One could be excused for thinking that these shunt jobs would be lacking in excitement, but imagine if you will, the bucking, rolling, jumping, surging motions of a near 100 year old 0-6-0 19 class (Z class) shunting engine scurrying around banging goods trucks together over the period of an eight hour (or longer) shift, and the boredom was soon overcome by a survival instinct.

Nothing is worse than lining up the bat (shovel) with the firebox door, making the graceful arched swing to execute a perfect manoeuvre – and – whump, ‘A over head’ as you hit hard up against a string of wagons, coal everywhere but in the firebox, try to regain your stance, step on a large lump of coal and promptly get deposited onto the tender shovelling plate, pick yourself up – then the loco changes directions, out goes the slack and back onto the shovelling plate goes you!

These little engines performed sterling duty, I was always amazed at just how much they could lug around. When shunters gave the ‘hit-up’ signal (rapidly waving hand motions) and the six small driving wheels dug in, with sand aiding almost non-existent adhesion, exhaust barking and momentum rapidly picking up to ‘kick’ the wagons into the yard. Up goes the shunters hands in a stop motion, on goes the Westinghouse, and the little 19 class grinds to a halt as the wagons continue on their merry way.

Darling Harbour was a gravity yard, here, all we had to do was run the slack in so the shunters could uncouple the wagons and the grade did the rest. Of course, when we had to drag strings of wagons ‘up’ the yard, the going was just that bit tougher. Darling Harbour was a major yard, with the markets, dairies, truck transfers and a myriad of other commercial connections. There were at least three (maybe four) 19 class engines based here most of the time. They would be changed over every couple of days for a fresh engine. Coal would have to last through the engines term on duty, while water and sand could be replenished on site. Through quiet times, the fire would be banked, boiler filled and the engine stabled for the period not required. Sometimes you might get a bit of shut eye, some times in the amenities block, oft times on the loco.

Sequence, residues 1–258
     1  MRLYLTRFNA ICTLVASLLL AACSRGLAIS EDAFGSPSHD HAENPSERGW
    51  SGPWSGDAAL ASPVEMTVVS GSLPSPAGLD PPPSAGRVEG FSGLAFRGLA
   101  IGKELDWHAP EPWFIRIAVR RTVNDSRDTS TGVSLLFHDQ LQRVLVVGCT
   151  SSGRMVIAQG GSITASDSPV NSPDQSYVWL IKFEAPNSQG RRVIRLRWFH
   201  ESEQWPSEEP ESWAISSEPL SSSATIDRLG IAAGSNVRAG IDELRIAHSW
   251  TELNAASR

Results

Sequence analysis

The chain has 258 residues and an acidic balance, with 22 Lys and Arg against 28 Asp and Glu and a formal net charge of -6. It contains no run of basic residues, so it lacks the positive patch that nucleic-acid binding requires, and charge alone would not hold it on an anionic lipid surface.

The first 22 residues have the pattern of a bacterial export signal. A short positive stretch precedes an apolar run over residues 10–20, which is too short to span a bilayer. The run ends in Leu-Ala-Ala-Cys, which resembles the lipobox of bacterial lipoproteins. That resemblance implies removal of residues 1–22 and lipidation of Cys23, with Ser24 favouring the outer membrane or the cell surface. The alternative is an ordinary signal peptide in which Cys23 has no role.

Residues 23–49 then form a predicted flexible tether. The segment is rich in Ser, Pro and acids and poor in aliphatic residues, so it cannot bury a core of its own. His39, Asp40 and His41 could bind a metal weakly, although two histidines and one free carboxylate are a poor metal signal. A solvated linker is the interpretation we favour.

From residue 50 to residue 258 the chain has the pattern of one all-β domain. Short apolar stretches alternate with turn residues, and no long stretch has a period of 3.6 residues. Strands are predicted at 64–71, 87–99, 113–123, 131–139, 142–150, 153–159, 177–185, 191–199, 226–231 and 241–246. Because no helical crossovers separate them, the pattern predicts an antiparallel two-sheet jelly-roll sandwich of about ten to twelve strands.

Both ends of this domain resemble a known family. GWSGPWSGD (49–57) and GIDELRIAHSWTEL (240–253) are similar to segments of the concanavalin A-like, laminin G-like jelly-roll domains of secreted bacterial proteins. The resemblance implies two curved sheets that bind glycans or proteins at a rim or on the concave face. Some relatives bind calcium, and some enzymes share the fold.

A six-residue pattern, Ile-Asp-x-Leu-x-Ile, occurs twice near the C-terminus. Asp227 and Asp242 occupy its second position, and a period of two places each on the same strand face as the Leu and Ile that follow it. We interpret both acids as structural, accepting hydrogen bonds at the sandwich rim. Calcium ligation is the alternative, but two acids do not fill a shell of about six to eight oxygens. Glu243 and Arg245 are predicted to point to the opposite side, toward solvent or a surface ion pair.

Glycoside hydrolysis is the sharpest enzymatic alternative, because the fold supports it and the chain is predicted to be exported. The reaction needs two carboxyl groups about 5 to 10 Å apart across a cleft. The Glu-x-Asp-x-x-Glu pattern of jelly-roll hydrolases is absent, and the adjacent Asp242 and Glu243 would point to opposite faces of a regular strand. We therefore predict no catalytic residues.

Improvisation was the name of the game, the 19 class had a small lift up round wooden seat, it was possible to wedge a shovel in under the seat to the tender, place your kit bag with some cotton waste at your head and get some rather uncomfortable kip. Of course, if you were the restless type that rolled around in your sleep, you were in trouble.

Two jobs in particular etch in my mind with regard to 19 class shunting duties and Darling Harbour. There was a unique double deck truck/train transfer shed on one side of the yard, nestled next to a brick retaining wall. Access for trains was via a roller coaster ride up a steep grade of single track that split part way up the grade to two tracks for access to the two top shed tracks (let’s talk more about this one next month). The other was banking duty out of the top yard.

Trains leaving Darling Harbour via Sydney Passenger Terminal had to traverse a gantlet track under Cleveland Street, this would then open back up to double track for a short but ‘very’ steep climb up to the connection with the main line. Our job, “should we wish to accept it”, actually there was no choice, was to push the mainline goods trains out of the yard, through the “gantlet tunnel” and up the short, steep grade where we would shut off just prior to cresting the hill and let the train continue. (Ah, getting excited weren’t you? Well, we will take a closer look at this operation next month also).